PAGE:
It became essential to the structure of schooling in England that school improvement models be research-based, and that not just system leaders and policymakers, but teaching and other frontline staff, be familiar with the evidence underpinning their methods of working. And, in turn, questions of how we might improve effective practice in the classroom are becoming the key questions for researchers, with crucial work on how to improve the quality and consistency of implementation of interventions, rather than despairing analyses of socioeconomic disparity concluding all is already lost. Fewer hymns to overthrowing the whole system, and more demonstration of the most effective way to structure a maths curriculum to ensure all young people are numerate.
That is what I mean by an ecosystem of evidence-based practice. Those at the frontline do not have to themselves be researchers but need to understand what evidence suggests is best practice and be willing to feed back on their own work. That feedback should go to researchers who are keen to identify and improve best practice, and write with an audience of practitioners in mind. Institutional leaders need to ensure that those involved in widening participation have the clout within the organisation to change direction where the research suggests it is needed, and build the partnerships inside the provider and out which allow the work to be done. Everyone must be open to the possibility that favoured interventions may prove not to be effective, and that activity perhaps previously seen as undesirable, may be more useful.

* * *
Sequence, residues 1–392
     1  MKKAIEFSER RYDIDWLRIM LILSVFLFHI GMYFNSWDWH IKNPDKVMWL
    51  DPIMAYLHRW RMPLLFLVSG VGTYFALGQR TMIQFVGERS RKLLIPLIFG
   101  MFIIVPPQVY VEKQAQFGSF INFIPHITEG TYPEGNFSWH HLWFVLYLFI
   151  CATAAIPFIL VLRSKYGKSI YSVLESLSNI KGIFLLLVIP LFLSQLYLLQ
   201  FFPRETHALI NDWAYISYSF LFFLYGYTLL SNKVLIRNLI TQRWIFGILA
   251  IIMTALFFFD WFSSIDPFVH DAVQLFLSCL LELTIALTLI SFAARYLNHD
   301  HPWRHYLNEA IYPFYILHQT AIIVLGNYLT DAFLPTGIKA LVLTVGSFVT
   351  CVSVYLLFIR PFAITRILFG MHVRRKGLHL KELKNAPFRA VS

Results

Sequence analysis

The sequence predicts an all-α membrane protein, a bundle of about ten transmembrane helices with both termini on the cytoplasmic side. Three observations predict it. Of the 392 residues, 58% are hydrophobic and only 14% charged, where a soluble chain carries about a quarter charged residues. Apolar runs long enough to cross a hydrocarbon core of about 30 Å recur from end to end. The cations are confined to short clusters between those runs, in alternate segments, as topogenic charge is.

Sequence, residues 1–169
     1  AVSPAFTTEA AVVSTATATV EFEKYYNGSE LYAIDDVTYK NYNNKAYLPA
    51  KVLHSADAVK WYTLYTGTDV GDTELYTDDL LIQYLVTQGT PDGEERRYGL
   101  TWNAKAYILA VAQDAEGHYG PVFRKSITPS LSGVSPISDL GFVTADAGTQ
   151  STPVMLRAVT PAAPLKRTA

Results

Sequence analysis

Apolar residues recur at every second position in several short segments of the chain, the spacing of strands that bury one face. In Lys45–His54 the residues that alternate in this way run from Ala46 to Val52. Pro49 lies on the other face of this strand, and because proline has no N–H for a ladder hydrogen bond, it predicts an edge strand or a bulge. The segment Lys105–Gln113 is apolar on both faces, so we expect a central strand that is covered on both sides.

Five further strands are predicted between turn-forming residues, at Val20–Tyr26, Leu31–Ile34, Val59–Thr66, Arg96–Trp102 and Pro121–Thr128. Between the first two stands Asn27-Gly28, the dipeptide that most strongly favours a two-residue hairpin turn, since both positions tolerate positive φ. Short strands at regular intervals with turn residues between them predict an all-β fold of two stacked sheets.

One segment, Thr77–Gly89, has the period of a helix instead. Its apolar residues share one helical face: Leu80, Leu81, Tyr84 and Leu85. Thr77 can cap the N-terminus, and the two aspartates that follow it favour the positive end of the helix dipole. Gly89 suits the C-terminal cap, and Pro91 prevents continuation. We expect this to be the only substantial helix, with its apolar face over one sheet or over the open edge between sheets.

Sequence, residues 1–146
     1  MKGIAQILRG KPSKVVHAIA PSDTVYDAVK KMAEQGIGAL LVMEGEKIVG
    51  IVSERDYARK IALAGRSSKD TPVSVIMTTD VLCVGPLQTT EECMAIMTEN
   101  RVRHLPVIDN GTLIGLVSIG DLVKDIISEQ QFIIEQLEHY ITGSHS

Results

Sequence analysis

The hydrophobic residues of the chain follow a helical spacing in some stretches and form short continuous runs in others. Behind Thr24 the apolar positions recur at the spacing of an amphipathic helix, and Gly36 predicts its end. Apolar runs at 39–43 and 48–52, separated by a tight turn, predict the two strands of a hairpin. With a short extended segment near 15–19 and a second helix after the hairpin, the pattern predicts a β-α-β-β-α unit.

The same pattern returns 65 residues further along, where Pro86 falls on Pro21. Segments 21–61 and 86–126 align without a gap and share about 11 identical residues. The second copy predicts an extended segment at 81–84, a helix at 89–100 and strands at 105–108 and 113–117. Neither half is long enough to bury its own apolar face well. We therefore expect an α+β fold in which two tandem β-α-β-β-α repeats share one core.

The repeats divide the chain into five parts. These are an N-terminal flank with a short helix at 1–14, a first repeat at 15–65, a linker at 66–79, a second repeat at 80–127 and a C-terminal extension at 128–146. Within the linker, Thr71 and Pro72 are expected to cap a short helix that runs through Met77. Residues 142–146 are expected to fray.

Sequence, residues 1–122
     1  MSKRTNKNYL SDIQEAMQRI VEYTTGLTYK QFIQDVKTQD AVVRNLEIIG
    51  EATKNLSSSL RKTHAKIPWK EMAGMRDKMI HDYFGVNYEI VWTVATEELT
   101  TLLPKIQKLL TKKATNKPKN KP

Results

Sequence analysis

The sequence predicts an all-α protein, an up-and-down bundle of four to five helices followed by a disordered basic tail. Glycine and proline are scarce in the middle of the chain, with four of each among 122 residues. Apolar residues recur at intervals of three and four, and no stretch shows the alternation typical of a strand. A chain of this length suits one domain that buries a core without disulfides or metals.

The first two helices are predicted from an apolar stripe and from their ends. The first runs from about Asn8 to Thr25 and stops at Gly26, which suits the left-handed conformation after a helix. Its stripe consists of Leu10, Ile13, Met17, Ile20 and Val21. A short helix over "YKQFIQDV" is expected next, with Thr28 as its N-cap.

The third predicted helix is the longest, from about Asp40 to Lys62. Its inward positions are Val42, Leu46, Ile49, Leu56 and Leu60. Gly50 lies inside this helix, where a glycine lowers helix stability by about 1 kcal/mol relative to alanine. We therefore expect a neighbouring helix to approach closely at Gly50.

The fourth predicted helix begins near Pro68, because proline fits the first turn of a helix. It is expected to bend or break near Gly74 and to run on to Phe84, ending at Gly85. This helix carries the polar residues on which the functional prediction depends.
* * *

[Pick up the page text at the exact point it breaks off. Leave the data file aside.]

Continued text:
Of course, the OfS is also part of this ecosystem too, and in that spirit, we are publishing the latest evaluation of our Uni Connect partnership programme. It is clear from the review that partnerships are delivering a huge amount of useful and effective outreach and evaluating their activities. In some cases, activity has not resulted in the improvements we hoped – but that itself is useful in helping us identify future interventions.
Whilst I hope colleagues across the sector will find time to read these reviews and reflect on them, I hope there is also a chance to think more widely about how we build the ecosystem of evidence-based practice we need. At the OfS, we will continue championing evidence-based practice, for our own work, the work we fund, and the work we regulate.
As we reform our approach to access and participation, we want to see more higher education providers developing and sharing high-quality evidence, and more practitioners plugged directly into useful and practical research to enhance their effectiveness. This will help ensure all those considering higher education get the best possible support, advice and intervention to achieve their aspirations.